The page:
Certainly the Greens have had my support for several general elections and I find very little in The Standard that might pursuade me to support Labour – and that from someone who would very much like to be given a reason to.

    • QoT 12.8

      Matthew Hooton uses Obvious Reverse Psychology.

      It’s not Super Effective! :(

  13. Andy-Roo 13

    Hi Anthony

    My best shot at answering follows:

    “What is the impact of political blogs in NZ? Is it increasing or declining? Why?”

    – No data. But in my opinion, blogs will influence those who are interested in blogs. What determines the number of people who are interested in blogs (enough to take the time to read them) will be driven by many complex factors – many of which will be unrelated to what is going on in the blogging world. Case in point the rise of the earthquake blogs in CHCH

    “To what extent are the views of the active blogging community representative of, or different from, the average NZ voter? Is it fair to say that bloggers tend to have views that are more “extreme” than the norm?”

    – I would guess that most of us who read or contribute to this blog (from whatever perspective) do so because we have more extreme views than average. This is certainly the case for me.

    “Bearing in mind the answer to the above, how should blogs relate to political parties in NZ? How should political parties relate to blogs?”

    - The standard is a broad church. There is a diversity and range of opinions here that would be lost if this became just a party blog. Some of us are not instinctively “joiners” and feel more comfortable with a loosely affiliated group.

    “A blog disseminates information and opinion, a successful blog builds a community. Could or should a blog / web based community do more? (I note here with sadness the currently moribund states of two interesting experiments – Policy Progress and journalism.org.nz ).”

    -The flip side of the above is that it is harder to organise a loosely affiliated group. I think that the Standard has built a community, and I know that individuals within that community have used information, perspectives , motivation gained in part through being a part of this community to go off and do stuff. I think that this is the best that can be hoped for with a group like this. My opinion only :-)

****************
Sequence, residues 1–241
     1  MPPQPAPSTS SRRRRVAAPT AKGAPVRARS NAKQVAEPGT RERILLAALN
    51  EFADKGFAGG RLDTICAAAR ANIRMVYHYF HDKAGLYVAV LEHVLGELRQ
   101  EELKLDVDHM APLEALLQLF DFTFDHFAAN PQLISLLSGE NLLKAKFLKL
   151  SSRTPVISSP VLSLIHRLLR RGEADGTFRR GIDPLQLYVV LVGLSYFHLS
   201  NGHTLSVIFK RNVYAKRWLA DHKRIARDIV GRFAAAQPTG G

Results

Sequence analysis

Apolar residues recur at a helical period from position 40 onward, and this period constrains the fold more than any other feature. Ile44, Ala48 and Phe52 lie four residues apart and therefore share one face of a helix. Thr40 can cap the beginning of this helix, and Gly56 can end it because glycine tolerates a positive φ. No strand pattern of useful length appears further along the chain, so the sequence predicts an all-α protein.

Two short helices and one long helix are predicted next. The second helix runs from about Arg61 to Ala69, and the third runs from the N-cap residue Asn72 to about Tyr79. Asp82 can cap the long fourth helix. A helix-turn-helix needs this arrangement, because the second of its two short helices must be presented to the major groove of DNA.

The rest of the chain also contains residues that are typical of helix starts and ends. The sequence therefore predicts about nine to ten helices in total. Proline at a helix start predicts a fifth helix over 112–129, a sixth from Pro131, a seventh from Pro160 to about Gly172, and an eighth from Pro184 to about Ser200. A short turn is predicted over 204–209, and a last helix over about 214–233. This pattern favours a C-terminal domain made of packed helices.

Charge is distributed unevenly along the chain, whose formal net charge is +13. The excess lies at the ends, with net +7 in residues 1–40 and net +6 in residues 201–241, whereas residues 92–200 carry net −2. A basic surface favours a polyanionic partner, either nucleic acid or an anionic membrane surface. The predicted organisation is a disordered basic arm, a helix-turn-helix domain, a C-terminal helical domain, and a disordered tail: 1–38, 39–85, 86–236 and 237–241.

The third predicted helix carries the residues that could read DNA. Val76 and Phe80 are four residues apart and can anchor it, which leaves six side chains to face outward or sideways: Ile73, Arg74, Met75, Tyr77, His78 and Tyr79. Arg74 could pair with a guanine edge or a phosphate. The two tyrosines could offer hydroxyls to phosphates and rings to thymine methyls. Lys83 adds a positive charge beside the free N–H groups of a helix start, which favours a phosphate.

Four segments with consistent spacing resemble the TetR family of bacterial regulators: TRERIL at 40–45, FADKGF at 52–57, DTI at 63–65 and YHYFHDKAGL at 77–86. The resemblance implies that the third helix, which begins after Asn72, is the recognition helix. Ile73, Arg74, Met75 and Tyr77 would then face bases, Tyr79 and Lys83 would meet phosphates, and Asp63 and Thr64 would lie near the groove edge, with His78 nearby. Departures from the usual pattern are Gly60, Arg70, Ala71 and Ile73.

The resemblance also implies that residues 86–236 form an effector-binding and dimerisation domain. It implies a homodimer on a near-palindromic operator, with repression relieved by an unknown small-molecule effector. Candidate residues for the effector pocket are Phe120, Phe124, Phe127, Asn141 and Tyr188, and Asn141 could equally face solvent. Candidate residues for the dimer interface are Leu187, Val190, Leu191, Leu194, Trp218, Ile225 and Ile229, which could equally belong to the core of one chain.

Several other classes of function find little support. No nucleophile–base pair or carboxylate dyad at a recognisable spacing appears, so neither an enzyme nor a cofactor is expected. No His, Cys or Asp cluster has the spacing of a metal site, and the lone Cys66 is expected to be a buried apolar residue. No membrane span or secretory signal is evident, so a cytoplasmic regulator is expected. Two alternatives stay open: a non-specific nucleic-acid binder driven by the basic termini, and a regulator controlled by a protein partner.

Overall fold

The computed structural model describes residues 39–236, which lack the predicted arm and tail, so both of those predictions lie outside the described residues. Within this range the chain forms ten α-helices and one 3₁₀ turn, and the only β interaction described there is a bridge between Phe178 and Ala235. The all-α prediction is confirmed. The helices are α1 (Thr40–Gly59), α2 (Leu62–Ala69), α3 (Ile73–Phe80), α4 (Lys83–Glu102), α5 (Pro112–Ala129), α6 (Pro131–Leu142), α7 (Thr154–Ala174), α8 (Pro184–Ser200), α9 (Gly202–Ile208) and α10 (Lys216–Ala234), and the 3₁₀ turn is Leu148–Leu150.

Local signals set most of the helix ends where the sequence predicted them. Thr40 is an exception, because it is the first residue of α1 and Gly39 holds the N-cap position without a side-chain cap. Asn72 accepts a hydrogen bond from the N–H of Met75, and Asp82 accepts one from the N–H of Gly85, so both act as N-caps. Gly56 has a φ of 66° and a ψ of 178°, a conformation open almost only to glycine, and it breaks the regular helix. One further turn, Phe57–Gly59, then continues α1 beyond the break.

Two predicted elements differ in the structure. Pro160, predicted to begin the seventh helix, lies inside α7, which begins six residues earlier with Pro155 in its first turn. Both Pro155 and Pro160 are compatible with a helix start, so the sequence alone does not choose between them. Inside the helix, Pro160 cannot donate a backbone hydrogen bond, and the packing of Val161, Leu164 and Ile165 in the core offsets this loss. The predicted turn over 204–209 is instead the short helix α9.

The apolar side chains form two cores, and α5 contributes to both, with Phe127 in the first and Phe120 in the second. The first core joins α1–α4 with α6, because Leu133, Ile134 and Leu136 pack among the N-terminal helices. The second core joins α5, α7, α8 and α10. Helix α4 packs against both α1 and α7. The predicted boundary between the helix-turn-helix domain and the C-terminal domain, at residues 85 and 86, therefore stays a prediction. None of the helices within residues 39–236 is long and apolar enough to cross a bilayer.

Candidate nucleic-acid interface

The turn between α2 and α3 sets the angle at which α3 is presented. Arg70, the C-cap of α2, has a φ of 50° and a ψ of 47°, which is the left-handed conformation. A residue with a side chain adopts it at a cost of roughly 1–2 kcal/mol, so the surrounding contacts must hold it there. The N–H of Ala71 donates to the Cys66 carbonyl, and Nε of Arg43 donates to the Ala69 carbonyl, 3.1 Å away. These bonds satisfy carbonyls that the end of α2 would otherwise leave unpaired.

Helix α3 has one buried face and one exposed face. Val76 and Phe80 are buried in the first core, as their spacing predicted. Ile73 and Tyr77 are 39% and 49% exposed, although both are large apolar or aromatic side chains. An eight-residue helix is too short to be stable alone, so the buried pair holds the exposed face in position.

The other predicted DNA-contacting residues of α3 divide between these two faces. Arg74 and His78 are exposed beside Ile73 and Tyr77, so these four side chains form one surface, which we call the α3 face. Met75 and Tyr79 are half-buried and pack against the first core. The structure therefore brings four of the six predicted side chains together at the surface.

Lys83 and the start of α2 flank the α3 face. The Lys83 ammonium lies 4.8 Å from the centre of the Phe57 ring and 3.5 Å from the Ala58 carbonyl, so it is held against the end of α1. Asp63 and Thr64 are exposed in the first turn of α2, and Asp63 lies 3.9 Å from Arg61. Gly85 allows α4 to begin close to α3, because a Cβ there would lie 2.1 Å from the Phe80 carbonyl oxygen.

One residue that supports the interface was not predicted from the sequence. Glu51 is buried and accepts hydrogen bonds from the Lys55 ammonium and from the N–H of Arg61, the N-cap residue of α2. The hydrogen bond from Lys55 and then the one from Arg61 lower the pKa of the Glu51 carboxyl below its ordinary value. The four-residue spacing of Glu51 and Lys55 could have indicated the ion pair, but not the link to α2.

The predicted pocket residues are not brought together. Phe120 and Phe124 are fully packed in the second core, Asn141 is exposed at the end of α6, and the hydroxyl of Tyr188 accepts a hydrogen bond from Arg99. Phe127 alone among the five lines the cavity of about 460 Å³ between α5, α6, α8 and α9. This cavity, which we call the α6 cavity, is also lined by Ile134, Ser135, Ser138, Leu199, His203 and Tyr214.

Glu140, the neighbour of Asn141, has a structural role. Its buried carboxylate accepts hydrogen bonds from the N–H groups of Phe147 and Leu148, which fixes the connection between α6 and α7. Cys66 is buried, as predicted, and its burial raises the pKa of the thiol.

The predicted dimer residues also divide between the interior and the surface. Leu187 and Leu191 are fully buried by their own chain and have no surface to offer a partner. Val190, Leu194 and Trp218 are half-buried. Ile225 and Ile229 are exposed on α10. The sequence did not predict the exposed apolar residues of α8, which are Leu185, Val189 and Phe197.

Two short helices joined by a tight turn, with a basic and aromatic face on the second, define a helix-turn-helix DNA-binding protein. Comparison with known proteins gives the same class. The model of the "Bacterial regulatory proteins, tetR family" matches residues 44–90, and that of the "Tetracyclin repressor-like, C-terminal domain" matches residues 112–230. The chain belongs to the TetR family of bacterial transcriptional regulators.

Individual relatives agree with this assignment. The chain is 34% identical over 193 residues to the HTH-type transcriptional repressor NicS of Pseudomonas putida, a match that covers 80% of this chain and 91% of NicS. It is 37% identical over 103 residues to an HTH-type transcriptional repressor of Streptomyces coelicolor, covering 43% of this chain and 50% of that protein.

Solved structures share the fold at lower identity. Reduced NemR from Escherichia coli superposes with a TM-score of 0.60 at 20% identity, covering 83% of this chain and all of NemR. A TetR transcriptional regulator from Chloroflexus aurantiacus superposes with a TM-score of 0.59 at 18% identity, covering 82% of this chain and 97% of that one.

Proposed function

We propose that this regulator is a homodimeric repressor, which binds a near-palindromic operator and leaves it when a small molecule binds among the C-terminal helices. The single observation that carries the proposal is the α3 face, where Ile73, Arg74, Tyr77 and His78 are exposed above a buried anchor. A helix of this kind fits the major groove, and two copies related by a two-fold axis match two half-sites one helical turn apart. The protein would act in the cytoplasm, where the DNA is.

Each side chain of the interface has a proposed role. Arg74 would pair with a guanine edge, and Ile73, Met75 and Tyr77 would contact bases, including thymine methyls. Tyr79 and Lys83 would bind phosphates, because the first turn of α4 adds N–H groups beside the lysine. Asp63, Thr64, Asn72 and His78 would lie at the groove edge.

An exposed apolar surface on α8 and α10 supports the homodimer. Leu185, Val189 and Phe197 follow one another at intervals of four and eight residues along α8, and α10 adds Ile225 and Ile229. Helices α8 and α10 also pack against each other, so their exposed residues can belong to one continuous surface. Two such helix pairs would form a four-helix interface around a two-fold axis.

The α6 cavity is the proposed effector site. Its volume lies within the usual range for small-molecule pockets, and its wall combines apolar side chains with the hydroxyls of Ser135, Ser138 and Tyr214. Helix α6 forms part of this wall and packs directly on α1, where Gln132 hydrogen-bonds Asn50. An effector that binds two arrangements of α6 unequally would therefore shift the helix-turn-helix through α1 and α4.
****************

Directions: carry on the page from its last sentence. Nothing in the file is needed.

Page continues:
“What is the role of blogs in the run up to the next election? What can the community here at The Standard accomplish in that time?”

    - Motivate the individuals within it to get involved in and contribute to the overall election effort. We could also fundraise in various ways.

  14. McFlock 14

    I agree with the gist of one or two previous commenter who said that blogs now tend to be the ones who actually fact check, investigate, pursue OIAs before they know the answer (i.e. nobody told them to do a narrow OIA in that area), and generally do what the MSM has neither the resources nor inclination to do these days. E.g. winz kiosks, and any analyses more sophisticated than parroting a media release.

    Blogs are gaining cultural significance (if not credibility at this stage). The recent diversion of “PMs holidays” is a case in point: if the original posts had been on local TV, nobody would have bothered responding.

    I tried writing a post once. It turned into a rant on a topic that had been done to death anyway (from moi? quelle surprise!), so it got nowhere. Thanks to all authors for their work!

  15. Bill 15

    Sorry r0b. Thought the front page sustained two headers.

    As for your post. I’d expect ‘ts’ to be given no quarter in the run up to the election. Which is indicative of what blogs can do I guess.

    And I’d personally like to see ‘ts’ having a real world presence…y’know, a bit beyond what ‘drinking liberally’ was (as far as I understand, that never progressed beyond a speaker and a few drinks).

    Anyway, maybe one day I’ll throw up a short post suggesting posters, commenters and readers of ‘ts’ meet up somewhere in this here city if they live around here. Could be good way to get traction or momentum on the basis of common ground.

  16. I think The Standard has done a brilliant job to allow commenters to post, who want a democracy and who want a fair and just election for the leadership ( which was already achieved,but tossed aside by the current caucus) Caucus installed their own right winged favourite, if right wing commenters feel The Standard commenters should not freely submit their objection to the